Beloved, do not be surprised at the fiery trial when it comes upon you to test you, as though something strange were happening to you.
(1 Peter 4:12 ESV)
(1 Peter 4:12 ESV)
The Scriptures are accustomed to illustrate what we call suffering, by burning or trial by fire. This is St. Peter's conclusion, that we should not suffer ourselves to be surprised, or to think it strange and wonderful that the heat or fire should meet us, whereby we are tried, just as gold is when it is melted in the fire. When faith begins, God does not neglect it; He lays the cross upon our back in order to strengthen us and make our faith mighty. The Gospel is a powerful word, but it cannot enter upon its work without opposition, and no one can be sure that it possesses such power, but he who has experienced it. Where there is suffering and the cross, there its power may be shown and exercised. It is a living word, and therefore it must exercise all its energy upon the dead. But if there is no such thing as death and corruption, there is nothing for it to do, and none can be certain that it possesses such virtue, and is stronger than sin and death. Therefore, he says, are you tried; that is, God appoints for you no flame or heat (in other words, cross and suffering, which make you glow as in a furnace), except to try you, whether you rely upon His word. Thus it is written, Wisdom x., of Jacob, "God appointed for him a severe conflict, that he might learn by experience that divine wisdom is the strongest of all things." That is the reason why God imposes the cross on all believers, that they may taste and prove the power of God which through faith they have possessed.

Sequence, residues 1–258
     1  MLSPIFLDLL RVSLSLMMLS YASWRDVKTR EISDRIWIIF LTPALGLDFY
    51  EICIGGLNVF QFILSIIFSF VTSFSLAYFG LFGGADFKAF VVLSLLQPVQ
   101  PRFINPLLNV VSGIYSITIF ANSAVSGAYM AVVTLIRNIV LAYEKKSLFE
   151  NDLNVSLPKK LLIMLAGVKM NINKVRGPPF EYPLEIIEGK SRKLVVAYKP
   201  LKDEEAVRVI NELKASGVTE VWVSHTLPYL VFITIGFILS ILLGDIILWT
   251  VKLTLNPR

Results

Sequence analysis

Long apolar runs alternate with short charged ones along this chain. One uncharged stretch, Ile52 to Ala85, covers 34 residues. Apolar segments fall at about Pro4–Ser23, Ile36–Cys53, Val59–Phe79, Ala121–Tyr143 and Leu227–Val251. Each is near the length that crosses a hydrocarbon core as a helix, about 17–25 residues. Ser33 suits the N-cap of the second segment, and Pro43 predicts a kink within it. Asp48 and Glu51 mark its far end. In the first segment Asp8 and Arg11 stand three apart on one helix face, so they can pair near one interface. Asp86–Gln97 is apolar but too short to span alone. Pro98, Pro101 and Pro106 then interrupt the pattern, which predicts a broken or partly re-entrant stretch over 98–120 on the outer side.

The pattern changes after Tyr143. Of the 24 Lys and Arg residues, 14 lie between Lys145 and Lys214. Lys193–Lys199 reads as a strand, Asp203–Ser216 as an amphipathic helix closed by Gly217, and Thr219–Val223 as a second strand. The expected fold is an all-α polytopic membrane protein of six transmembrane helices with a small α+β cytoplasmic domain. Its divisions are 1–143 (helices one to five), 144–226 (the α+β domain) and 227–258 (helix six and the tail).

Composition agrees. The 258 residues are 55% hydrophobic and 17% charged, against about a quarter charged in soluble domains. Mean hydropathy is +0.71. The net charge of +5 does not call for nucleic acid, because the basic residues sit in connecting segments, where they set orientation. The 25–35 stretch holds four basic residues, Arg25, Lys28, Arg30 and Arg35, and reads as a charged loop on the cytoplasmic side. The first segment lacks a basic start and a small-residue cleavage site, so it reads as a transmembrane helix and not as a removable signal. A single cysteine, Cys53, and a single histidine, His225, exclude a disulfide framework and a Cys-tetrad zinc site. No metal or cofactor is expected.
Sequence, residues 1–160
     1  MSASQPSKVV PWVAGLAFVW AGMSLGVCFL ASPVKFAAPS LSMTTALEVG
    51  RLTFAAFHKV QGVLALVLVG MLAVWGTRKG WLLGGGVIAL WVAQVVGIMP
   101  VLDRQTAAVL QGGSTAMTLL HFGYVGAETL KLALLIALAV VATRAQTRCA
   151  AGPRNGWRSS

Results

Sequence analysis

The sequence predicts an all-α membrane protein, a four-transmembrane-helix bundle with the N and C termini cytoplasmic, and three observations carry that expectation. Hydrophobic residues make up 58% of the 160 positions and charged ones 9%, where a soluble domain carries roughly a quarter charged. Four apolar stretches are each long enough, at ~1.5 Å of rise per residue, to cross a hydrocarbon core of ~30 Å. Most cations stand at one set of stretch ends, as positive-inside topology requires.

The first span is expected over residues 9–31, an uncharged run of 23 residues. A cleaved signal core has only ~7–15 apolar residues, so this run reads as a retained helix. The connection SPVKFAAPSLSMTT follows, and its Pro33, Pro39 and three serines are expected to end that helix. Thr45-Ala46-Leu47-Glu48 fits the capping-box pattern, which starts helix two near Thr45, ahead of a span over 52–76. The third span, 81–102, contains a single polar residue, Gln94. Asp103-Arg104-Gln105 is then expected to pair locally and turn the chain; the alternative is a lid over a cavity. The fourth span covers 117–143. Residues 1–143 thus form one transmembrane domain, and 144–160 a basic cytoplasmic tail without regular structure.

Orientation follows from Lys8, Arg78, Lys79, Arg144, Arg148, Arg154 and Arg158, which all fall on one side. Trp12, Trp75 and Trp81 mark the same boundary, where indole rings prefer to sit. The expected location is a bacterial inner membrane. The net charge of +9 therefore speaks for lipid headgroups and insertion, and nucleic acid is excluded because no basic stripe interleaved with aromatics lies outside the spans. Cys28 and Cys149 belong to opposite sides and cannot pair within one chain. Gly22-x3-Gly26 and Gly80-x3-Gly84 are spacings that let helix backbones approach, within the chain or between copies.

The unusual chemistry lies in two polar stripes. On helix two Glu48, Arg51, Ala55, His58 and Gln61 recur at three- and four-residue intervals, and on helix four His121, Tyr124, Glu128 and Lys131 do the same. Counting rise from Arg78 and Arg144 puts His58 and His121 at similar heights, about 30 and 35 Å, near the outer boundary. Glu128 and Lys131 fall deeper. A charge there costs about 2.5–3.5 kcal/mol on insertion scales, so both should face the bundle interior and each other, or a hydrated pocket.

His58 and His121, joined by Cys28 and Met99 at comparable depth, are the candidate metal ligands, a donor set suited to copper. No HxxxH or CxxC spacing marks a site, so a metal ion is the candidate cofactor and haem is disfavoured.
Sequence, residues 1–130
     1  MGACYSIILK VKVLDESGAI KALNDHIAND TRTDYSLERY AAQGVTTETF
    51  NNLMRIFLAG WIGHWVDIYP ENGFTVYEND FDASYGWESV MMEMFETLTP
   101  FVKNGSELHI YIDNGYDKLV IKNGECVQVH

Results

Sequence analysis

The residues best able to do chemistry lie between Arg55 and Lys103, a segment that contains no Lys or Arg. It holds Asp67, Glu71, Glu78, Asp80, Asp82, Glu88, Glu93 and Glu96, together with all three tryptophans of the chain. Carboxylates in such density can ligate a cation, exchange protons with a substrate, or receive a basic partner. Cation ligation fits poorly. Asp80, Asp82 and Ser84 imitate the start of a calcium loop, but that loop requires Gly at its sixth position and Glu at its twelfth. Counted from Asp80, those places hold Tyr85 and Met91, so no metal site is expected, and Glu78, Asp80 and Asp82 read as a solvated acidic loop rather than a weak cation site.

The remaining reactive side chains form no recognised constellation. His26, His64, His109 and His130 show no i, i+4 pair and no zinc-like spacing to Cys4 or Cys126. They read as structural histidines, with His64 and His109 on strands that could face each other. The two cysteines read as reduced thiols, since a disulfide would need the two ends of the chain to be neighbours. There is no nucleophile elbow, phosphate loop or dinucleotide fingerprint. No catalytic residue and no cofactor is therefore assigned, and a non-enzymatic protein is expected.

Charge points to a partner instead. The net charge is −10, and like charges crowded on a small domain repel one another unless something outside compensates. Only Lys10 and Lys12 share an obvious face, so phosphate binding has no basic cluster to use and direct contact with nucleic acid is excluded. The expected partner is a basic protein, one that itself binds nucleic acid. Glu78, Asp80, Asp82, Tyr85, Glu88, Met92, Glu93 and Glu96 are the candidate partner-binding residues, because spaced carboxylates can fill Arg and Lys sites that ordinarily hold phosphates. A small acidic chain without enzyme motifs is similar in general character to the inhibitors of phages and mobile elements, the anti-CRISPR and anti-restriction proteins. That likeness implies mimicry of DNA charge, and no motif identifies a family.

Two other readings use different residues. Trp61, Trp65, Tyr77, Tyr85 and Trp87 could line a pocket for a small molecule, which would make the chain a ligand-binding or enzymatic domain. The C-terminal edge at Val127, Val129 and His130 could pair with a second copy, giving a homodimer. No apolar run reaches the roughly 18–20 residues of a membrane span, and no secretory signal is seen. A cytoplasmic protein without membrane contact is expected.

Luther, Martin (2009-10-04). The Epistles of St. Peter and St. Jude Preached and Explained (Kindle Locations 2031-2039). Public Domain Books. Kindle Edition.